One hundred pages of poetry in Bosnia weigh as much as a kilogram of gold; and foreign poets are spoiled in the windows of Sarajevo's bookshops. According to Marsala Tita's parallel, in Sarajevo, when you stir the air as you walk and pass palaces that are still riddled with bullets, you can feel the smut of history raining down on you. Pier Paolo Pasolini wrote, 'What happened to the world after the War and the War's aftermath? Normality! In a state of normality, without the excitation and the strong emotions of the War years, one does not look around. Man tends to fall asleep in the state of normality; he forgets how to think, to judge, to ask himself who he is. This is when the state of emergency is discovered and artificially created by poets – poets, those ever-indignant champions of intellectual rage and philosophical fury.'
Sarajevo remembered Pasolini in October through those same poets, both Bosniac and foreign. Today, there is no other city for Pasolini's Rage (a text which should have become a film); no other place is capable of illustrating its necessity. The intellectual indignation of his poetry has found its raison d'être in Sarajevo, particularly given that the verses' 'rage' has not been taken up, and that post-war 'normality' is only a suspended type of reality.
The Sarajevo between the ruins
To reach the Kino Teatar 'Bosna' – where the authors have begun by watching Pier Paolo Pasolini's short films and have had readings – one must cross the centre of the capital. It is like travelling a mini version of the road from the coast of Croatia at Dubrovnik to the interior of this ex-Yugoslavian country. From Mostar, battle-weary houses now hold up new dwellings, or perhaps it is the post-war constructions that lean on the ruins of memory; and in private gardens between the buildings, one can discover unexpected little cemeteries between the trees. With its mainly administrative and commercial new facades, the Milijacka part of Sarajevo hides an entire city that is still in ruins, squeezed in between two main streets. The first, the Marsala, has a western flavour to it, while the second, the Obala Kulina Bana, which runs along the river, is historical and mystical – it was under one of the bridges here, 'Attack Bridge', that the Archduke Ferdinand was assassinated. All around are more or less recent mosques, which are under construction.
‘Poetry is the only literary genre still able to generate real dialogue between cultures, between the east and the west. The main thing that hits me about Sarajevo is when I see the minarets and the European palaces and the mix of human faces between them,’ says Italian poet Giuseppe Conte as he walks, scrutinising partly his surroundings and partly his shoes. The faces of which Conte speaks are those of women wrapped in coloured pashminas, girls in miniskirts and stiletto heels, be-suited men and pedlars with Turkish features, all intermingled. In front of the great Ferhadija Orthodox cathedral, students meet up after their afternoon classes. From the Gazi Husrev Beg Mosque, megaphones carry the voices of the muezzin calling Muslims to prayer. People sit in cafes sipping coca colas and taking off their jackets after a day in the office; the way of life predicted by Pasolini in La Ricotta (1963), The Earth Seen from the Moon (1966) and What are the Clouds (1967).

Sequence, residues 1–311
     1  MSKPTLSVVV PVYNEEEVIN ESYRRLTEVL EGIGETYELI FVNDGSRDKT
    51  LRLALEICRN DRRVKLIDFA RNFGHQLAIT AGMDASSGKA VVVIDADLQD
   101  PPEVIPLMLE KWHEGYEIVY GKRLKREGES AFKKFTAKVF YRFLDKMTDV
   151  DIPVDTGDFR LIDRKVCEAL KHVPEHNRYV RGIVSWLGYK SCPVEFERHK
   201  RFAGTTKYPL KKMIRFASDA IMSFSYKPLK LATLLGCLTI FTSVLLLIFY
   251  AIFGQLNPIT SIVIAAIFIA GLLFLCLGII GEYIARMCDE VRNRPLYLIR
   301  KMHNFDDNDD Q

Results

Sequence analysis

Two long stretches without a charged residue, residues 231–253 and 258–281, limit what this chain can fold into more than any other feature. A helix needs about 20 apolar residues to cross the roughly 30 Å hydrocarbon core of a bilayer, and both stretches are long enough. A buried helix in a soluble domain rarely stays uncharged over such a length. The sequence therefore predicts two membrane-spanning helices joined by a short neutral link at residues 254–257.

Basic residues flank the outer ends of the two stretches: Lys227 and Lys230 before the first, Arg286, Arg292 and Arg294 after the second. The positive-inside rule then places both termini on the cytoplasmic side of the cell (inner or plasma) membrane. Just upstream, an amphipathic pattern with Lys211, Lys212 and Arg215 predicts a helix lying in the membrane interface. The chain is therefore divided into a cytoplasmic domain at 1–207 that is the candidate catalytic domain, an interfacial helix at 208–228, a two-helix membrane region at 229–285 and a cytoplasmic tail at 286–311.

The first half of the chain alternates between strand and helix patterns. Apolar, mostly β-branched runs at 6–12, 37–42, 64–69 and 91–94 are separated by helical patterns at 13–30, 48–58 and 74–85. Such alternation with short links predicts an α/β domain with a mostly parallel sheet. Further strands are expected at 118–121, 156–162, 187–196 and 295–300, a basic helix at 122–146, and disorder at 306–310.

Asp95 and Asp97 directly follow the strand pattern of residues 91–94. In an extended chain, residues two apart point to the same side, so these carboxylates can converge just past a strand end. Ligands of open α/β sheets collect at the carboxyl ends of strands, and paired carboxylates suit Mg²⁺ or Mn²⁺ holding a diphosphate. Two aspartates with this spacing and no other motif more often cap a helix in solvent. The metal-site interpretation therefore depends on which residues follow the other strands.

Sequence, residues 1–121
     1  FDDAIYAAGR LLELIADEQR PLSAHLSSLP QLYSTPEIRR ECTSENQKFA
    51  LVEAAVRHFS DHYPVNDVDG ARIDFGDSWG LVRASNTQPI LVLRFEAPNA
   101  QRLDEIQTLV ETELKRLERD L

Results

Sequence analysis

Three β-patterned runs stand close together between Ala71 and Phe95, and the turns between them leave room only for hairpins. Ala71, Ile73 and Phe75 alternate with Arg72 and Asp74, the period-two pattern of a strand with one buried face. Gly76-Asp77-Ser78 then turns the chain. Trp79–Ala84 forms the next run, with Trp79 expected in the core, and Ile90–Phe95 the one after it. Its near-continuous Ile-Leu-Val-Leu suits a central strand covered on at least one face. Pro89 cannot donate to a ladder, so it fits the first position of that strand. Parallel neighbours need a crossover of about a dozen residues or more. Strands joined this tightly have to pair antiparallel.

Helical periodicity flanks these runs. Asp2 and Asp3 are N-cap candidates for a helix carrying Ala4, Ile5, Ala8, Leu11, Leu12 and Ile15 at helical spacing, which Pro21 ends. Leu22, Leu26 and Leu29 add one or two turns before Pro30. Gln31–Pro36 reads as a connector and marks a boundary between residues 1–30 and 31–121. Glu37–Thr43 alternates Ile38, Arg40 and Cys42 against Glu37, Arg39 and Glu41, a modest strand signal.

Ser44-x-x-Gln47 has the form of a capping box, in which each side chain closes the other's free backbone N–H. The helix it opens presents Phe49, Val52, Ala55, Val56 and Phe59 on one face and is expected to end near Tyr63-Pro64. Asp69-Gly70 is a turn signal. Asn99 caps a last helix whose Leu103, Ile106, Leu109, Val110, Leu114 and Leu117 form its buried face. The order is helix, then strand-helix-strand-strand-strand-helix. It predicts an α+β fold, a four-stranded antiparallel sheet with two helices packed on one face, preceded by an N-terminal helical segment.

During the projections – the films are subtitled in Bosnian – Francis Combes (a French intellectual poet who writes about the underprivileged classes) thinks for a moment and finally lets out one single sentence. ‘Amazing! Raw, realistic and violent.’ He laughs at Welles' remark in La Ricotta about the Italian bourgeoisie being the most ignorant in Europe. At the back of the very small room, Uruguayan writer and poet Rafael Courtoisie speaks of Pier Paolo Pasolini in his South American Spanish: ‘A man of deep-seated passions, a crazy man.’ After the closing credits, the video projector resumes. Italo-Croat Giacomo Scotti concludes: ‘At the end of a conflict, it becomes the task of men of culture, like Pasolini, to re-establish the broken connections between people.’
The street back to the Astra Hotel Ganj – where the poets are staying –offers another image of Sarajevo. The lights from the bookshops on the Marsala are still on, illuminating the shop windows; set between Pamuk and Coelho is Izet Sarajlic, the Bosnian poet who wrote People are Happy When Verses Meet. As we pass under an electoral manifesto, Almir Kolar, a young poet, shows me the face of a bald man with a serious expression. ‘That is Abdullah, a famous poet who is a candidate for the communal elections. He is centrist, Muslim and nationalist.’ He is also said to be pro-Europe. Pier Paolo Pasolini ended The Rage by announcing that the alternative to world violence and bloodshed and the only guarantee of real, lasting peace was the ‘smile of the astronaut’ indicating the way of the cosmos. Sarajevo, with its poems and poets, is gambles yet on earthly ways.